More widespread availability of high-yield crops with resistance to drought, high temperatures, pests and diseases enhanced food production and prevented failed harvests, reducing poverty and boosting trade. Improvements in irrigation and better management of precious water resources reduced Africa’s huge dependence on rain-fed agriculture as rainfall patterns became increasingly erratic, increasing agricultural resilience and enabling more farmers to produce high-value crops such as fruit and vegetables for growing urban markets.
Although the ‘African data gap’ continued to create some degree of uncertainty in the field of climate change, the continent saw gradual improvements in observational capacity and data gathering, enabling more accurate modelling and hence adaptation. Countries became better at working together to share weather observations and technical know-how in order to strengthen weather and climate forecasting and early warning systems, providing farmers and other users with accurate and timely information to enable greater forward planning and adaptation, which boosted resilience to climate change. The ability to measure requirement against capacity – for example, the water required for food production versus rainfall – helped countries identify the thresholds at which a shortfall might occur, and explore ways to push them further out to the latter half of the century.
Increased investment in agriculture created opportunities in rural areas, helping to stem the rural to urban exodus and prevent an ‘agriculture brain drain’. New initiatives to move Africa’s food production up the value chain through investment in agro-processing provided jobs and increased access to markets for smallholders, as well as diversifying economies, spurring the development of regional supply chains and enhancing economic complementarity in the region.
The transformation of Africa’s agricultural sector had massive implications not only for food security but also for its broader economic trajectory. Agriculture not only boosted economic growth, but also strengthened resilience to global market fluctuations and supply chain disruptions in times of crisis. By 2030 the successful implementation of the AfCFTA had strengthened the resilience of the whole continent, enabling food products to be moved around more efficiently between countries to match supply to demand. As individual state governments increasingly began to look at food systems on a regional rather than national basis, protectionism decreased and Africa began to see the harmonisation of its agricultural trade policies, supporting a balanced programme of food production across the continent and a steady supply of affordable food.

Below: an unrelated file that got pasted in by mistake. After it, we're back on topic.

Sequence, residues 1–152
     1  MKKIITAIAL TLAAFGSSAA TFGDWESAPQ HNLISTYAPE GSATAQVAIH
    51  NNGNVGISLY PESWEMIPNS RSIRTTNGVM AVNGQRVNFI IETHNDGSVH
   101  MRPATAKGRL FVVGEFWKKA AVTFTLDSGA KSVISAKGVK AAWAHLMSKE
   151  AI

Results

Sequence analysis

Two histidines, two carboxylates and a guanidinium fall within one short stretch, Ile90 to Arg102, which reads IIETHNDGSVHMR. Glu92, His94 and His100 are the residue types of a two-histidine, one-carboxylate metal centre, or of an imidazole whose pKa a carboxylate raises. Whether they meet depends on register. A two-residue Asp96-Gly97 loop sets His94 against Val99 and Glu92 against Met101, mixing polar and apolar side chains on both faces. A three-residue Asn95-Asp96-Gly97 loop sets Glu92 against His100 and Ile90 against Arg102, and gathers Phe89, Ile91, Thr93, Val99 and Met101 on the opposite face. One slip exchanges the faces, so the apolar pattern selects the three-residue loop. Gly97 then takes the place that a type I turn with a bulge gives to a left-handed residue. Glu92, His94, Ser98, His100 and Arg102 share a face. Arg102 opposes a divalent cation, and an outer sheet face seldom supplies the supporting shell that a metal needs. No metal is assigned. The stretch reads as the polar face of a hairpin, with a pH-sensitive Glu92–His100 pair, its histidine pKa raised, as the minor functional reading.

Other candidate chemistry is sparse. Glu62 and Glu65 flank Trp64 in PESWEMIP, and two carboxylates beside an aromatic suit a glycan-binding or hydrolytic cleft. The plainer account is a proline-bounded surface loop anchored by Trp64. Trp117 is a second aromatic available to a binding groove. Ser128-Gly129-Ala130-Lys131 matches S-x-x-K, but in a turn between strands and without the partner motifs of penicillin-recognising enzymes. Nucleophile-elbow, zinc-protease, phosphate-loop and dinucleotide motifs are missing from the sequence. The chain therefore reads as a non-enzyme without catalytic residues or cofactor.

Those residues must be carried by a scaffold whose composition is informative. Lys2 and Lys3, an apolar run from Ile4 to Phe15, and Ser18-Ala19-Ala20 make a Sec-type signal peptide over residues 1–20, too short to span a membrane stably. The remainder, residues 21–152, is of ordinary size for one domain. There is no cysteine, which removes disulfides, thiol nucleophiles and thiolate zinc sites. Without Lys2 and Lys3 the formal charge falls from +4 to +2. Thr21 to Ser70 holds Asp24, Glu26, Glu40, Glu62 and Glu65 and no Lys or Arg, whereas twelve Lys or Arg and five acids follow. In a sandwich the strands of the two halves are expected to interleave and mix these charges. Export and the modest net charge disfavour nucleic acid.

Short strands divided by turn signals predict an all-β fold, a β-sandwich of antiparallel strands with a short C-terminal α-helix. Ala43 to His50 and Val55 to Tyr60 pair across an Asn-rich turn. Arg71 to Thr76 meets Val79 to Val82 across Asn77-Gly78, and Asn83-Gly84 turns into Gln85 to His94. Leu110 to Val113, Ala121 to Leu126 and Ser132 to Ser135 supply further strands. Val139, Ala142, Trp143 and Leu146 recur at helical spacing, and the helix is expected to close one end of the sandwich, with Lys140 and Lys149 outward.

By 2030 a continent-wide programme of well-planned and robust infrastructure development had not only made Africa’s road and rail networks more resilient to the effects of climate change but was also helping agricultural producers to bring goods to market more quickly and avoid wastage. Successful implementation of the AfCFTA streamlined bureaucratic processes, resulting in fewer border delays. By 2030, better distribution alone had improved food availability by 45%.
More widespread mobile phone dissemination and internet connectivity in rural areas increased the amount of information available to African farmers – including information about the climate, state of the market, new technologies and production techniques – and enhanced their ability to access continental markets. This generated huge opportunities, particularly for young digitally-savvy entrepreneurs, who began to see agriculture as a lucrative and attractive employment and investment opportunity.'
As we said in the beginning - there are not too many useful futures-based reports that focus on Africa and we found this one particularly interesting and useful.
There is a lot to digest from it, so do yourself a favour and grab a copy and see for yourself the possible opportunities may well develop as we head towards the uncertainty of 2030.
What it demonstrates clearly is the real value of structured futures thinking as a method to explore possible futures and then how best to develop from the present so as to create what is ultimately preferred.
Hopefully all African policy makers and the private sector use this document as a blueprint to start creating the change needed today.
You can download the full report here.